Not trusting some of the signals

In the short-term, markets look like they are about to play a little game which can be considered cruel.

‘Set-ups’ are suggesting rallies and lending to the June and July bottoms holding.

I’ll watch whether those lows still hold or make ‘lower lows’…..and in many assets/securities, I think they will hold.

The head fake may lie with many prices bouncing after having reverted to their long term mean but yet to register Oversold readings.

Keep in mind, that there is no rule saying both need to occur.

I think prices will jump a little, drag in a few more people and then spit them out again in the coming week or three followed up with another swoon.

Markets are cruel.

The price of the Baltic Dry Index and Aluminium are 2 examples, where they have mean reverted but yet to trade to weekly oversold levels and have bounced in the past day or two.

Experience and pattern recognition tells me to be patient for lower prices.

When your count is 3 balls and zero strikes, probability suggests you should ‘take a pitch’. You shouldn’t swing or chase a ball outside of your strike zone.

September 9, 2022
by Rob Zdravevski

Ships are cheap again

Shipping your dry, bulk goods around the world is cheap again.

Is the supply chain crisis fixed?

This index is telling us that the supply chains are easing and healing.It can also mean that demand is slowing and there are more empty ships looking for customers.

The latter can also forecast slower GDP growth.

In any case, shipping prices are considerably cheaper.It is time to lock in your shipping leasing rates.

The recent story began on February 8, 2020, when the stock market was trucking along well and the cost of shipping goods around the world was cheap.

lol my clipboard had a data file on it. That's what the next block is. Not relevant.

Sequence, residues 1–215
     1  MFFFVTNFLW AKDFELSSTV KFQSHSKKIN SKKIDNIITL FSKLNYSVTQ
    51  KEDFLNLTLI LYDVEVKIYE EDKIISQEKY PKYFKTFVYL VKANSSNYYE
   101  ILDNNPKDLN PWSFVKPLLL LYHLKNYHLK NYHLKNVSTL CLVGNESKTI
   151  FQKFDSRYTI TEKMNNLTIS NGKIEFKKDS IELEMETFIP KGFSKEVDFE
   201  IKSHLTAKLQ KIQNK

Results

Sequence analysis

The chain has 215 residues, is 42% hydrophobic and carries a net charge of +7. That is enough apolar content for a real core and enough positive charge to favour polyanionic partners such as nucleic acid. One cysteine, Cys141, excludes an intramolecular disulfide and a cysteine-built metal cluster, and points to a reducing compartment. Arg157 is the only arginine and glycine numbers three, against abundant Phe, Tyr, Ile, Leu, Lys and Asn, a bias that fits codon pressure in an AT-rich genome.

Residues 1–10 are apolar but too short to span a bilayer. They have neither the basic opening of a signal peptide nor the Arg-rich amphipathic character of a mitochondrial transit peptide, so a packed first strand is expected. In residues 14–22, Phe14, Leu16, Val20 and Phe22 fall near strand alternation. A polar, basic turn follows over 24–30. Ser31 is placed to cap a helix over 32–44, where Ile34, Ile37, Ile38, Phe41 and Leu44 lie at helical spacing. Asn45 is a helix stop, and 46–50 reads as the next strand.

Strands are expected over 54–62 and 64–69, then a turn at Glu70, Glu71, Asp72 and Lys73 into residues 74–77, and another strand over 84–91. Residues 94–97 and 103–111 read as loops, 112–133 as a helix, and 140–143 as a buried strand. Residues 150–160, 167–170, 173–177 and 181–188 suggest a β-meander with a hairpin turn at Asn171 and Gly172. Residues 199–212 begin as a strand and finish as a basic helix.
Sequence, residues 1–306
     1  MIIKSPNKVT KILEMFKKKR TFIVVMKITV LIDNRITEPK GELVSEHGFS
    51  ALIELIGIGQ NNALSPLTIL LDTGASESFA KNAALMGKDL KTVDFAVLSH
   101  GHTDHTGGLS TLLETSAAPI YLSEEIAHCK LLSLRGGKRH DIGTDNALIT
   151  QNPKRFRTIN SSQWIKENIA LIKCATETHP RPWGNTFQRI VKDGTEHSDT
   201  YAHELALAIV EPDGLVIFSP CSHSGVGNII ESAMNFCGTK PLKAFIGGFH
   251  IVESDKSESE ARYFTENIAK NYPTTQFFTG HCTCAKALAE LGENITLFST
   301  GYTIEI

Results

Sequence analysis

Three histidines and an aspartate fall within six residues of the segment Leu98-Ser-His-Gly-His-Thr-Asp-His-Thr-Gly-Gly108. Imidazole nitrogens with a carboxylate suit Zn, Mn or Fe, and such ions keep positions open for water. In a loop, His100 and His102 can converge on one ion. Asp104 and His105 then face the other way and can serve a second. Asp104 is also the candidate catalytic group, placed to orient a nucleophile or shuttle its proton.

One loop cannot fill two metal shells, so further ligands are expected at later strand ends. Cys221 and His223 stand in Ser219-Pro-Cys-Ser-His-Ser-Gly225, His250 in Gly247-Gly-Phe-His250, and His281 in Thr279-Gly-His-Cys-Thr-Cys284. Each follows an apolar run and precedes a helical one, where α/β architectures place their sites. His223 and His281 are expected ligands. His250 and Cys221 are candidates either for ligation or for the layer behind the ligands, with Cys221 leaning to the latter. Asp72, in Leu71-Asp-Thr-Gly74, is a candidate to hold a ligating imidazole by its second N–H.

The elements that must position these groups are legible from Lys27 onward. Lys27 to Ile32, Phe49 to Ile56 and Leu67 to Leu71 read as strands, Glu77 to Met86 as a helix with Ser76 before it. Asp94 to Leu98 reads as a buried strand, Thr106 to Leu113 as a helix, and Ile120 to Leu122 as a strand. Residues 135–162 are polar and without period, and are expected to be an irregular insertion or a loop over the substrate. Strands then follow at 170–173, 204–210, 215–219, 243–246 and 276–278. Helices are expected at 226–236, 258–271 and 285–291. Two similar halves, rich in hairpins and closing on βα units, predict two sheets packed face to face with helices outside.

The price of shipping was near multi-decade lows and trading at a 60% discount to its rolling 200 week moving average.
Back then, the Baltic Dry Index was trading at 425.
Within a month, the coronavirus pandemic sent the stock market into a rapid decline and various manufacturing, industrial and labour constraints or bottlenecks were creating a squeeze in global supply chains.

As a result, the cost of shipping dry, bulk goods (as measured by the Baltic Dry Index) had quadrupled by October 2020.

A further year on, the Baltic Dry Index was 13 times higher. It had risen from 425 in February 2020 to 5,650 in October 2021.

That is extraordinary…..the price of leasing a ship rose 13 fold within 21 months.

What is more interesting, although completely expected, was a swift and savage retracement of that parabolic price rise.

Today, the Baltic Dry Index (BDI) is trading at 1,415.The price of shipping has fallen 75% in under 4 months.

The BDI is now trading below its rolling 4 year price average and back to a reasonable price seen repeatedly over the past 10 years.

What’s next for the BDI?

I’ll correct a comment made is a December 27, 2021 post, where I stated $900 is a plausible target.

I now think 1,150 may be an extreme low in this downdraft, while 1,220 and 1,340 would satisfy an Oversold reading.In the context of the decline, all of this is quite negligible. 

I don’t have a read if the BDI bounces again from here as was seen in 2004, 2006 or 2009 but it does mean its much cheaper to lease a bunch of ships.

Companies should be able improve their margins with these lower shipping prices.

This is good for companies involved in transporting Grains, Iron Ore, Cement, Steel, Coal, Sugar, Salt and Fertilizer along with Automobiles and other finished products such as Building Materials.

Although, keep in mind that transportation is only part of chain.

My main interest are the companies who own and have the industrial capacity for they will be able to fill the output gap that I expect to persist.

January 22, 2022

by Rob Zdravevski

Shipping costs are adding to inflation

The Baltic Dry (shipping) Index has risen 10x over the past 15 months.

So the decision for businesses is that the cost of shipping is passed on into the finished product pricing or the bulk product isn’t transported (due to an aversion to higher shipping costs), resulting in scarcity.

Either way, prices rise…..and yet I’m told there isn’t any inflation.

August 22, 2021
by Rob Zdravevski

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